Why a granny flat might be better than an aged-care home—Part 2
Part 1 considered various family and practical aspects of granny flats. Part 2 looks at various financial and legal aspects.
There’s no attempt to do the sums involved with granny flats here because each case is different. The aim is to point out the numerous financial issues surrounding Centrelink assessments. This means you need to have a formal, legally drafted agreement in place, referred to as a Granny Flat Agreement.
You’ll find that the law refers to a ‘Granny Flat Interest’ (an agreement for accommodation for life—for more go here) which is defined as a life interest or right to accommodation where:
- The person ‘pays’ for a life interest or right to accommodation for life, and
- The life interest or right to accommodation for life is in a private residence that is to be the person’s principal home
How do you value a Granny Flat Interest?
This issue is important for people receiving Centrelink benefits, which in most cases will be the Age Pension. There’s no market for Granny Flat Interests because they’re private family arrangements.
The value of a Granny Flat Interest is usually the same as the amount paid. The Social Security Act provides that, in special circumstances, a different value can be attributed to the Granny Flat Interest provided that the figure used is deemed to pass the ‘reasonableness test’.
The reasonableness test uses an approximation of actuarial values called the reasonable value conversion. A detailed explanation of the reasonableness test can be found on the Centrelink website.
If Centrelink considers that the amount transferred from the parent/s to the child is more than the value of the granny flat, they will determine that the transaction has resulted in ‘deprivation’ of an asset. The deprivation rules treat the amount deprived as an asset for the Assets Test. This can result in a lower rate of Age Pension, and it may also impact on whether the pensioner can receive rental assistance.
Why an agreement is important, and what it should contain
It’s advisable to have a legally drafted agreement to give evidence of the Granny Flat Interest. The agreement should include some or all the following:
- Confirm security of tenure
- State who is liable for the upkeep of the property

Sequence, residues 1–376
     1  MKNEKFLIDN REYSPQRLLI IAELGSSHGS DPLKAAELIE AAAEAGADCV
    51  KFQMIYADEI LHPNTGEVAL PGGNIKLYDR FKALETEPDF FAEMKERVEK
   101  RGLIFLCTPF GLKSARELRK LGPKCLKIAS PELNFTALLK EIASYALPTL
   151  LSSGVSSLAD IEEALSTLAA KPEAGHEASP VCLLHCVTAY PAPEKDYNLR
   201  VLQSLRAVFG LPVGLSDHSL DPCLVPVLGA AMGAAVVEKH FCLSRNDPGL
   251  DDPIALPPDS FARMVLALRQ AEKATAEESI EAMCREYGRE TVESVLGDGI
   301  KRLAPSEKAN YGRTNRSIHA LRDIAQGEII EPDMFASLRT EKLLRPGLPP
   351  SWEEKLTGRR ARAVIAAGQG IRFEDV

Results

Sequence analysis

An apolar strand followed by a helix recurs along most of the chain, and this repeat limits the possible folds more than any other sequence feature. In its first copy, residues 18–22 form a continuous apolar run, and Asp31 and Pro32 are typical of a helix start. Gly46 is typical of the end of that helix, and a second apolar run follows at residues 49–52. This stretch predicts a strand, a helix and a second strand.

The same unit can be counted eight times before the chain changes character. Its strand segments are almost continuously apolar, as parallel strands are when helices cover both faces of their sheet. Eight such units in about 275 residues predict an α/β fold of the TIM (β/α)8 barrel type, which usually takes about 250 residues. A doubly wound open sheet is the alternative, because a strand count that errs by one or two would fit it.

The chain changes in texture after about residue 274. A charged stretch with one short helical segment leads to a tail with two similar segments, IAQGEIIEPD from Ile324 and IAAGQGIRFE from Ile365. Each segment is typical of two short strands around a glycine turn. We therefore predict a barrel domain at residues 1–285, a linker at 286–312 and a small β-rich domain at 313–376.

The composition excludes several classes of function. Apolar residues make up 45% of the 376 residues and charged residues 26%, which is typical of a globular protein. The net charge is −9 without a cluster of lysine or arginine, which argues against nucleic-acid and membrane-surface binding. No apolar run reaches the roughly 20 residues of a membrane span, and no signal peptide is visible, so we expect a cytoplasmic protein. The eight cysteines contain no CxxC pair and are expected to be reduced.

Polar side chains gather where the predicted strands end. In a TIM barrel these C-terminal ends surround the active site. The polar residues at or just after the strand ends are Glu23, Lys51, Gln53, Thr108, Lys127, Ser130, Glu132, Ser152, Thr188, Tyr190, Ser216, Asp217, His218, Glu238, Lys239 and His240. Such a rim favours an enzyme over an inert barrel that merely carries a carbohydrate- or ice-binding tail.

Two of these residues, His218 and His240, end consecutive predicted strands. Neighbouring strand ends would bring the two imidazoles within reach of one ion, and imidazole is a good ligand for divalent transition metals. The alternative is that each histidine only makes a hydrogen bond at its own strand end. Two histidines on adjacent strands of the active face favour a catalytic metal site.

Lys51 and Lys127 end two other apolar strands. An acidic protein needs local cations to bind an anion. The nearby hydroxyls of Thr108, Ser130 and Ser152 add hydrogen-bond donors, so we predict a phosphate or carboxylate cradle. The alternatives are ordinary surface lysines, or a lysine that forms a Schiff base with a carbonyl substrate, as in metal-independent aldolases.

- Nominate a weekly rental figure if this is appropriate
- Set out who does the cooking, cleaning, washing, and shopping
- List who pays the phone, electricity and other accounts
- What happens when extra care is needed
- How much independence will the person have, and how much will the family timetable impact on the arrangement
- Will there be any childcare involved?
The impact on wills
A Granny Flat Interest from the transfer of money from a parent to a child reduces the size of the parent’s estate because the Granny Flat Interest does not form part of the parent’s estate.
A new will should be put in place and Powers of Attorney drawn up. Importantly, all family members should be informed of the legal issues involved.
Are there any tax considerations involved?
The first consideration relates to the payment of rent, and whether this is assessable income in the hands of the property owner. Arguably the rent could be treated as board and lodgings—similar to what some families impose on their children when they commence employment.
Board and lodgings are usually nominal in size and not regarded as taxable income. If, however, the arrangement involves a significant amount of regular income, it would be wise to seek professional advice from a Registered Tax Agent, Public Accountant, or a lawyer.
The next consideration relates to Capital Gains Tax (CGT). Investing in a Granny Flat involves the creation of an asset, but when the person leaves the property, there’s no disposal of the asset, and therefore CGT should not apply. This assumes that the title of the property has not changed and no sub-division of land took place.
There may be circumstances where CGT may apply, so it would be wise to seek advice.
A workable alternative
For many families, a granny flat will provide a workable alternative to a nursing home or retirement village. It should also provide greater peace of mind for families because of the proximity of the elderly person/s to a family member. There’s little doubt that this may be a much cheaper option to other forms of accommodation.
Finally, consideration should be given of how to fund a possible future nursing home arrangement should the care needs become too great in the years ahead.
Owen Weeks is director and authorised representative of Lifestyle Matters Pty Ltd and a Registered Tax Agent. He is a Fellow of the Financial Planning Association, a Fellow of the Institute of Professional Accountants, and an Honorary Fellow of the Association of Superannuation Funds of Australia. He is also the co-author of Retire Bizzi.
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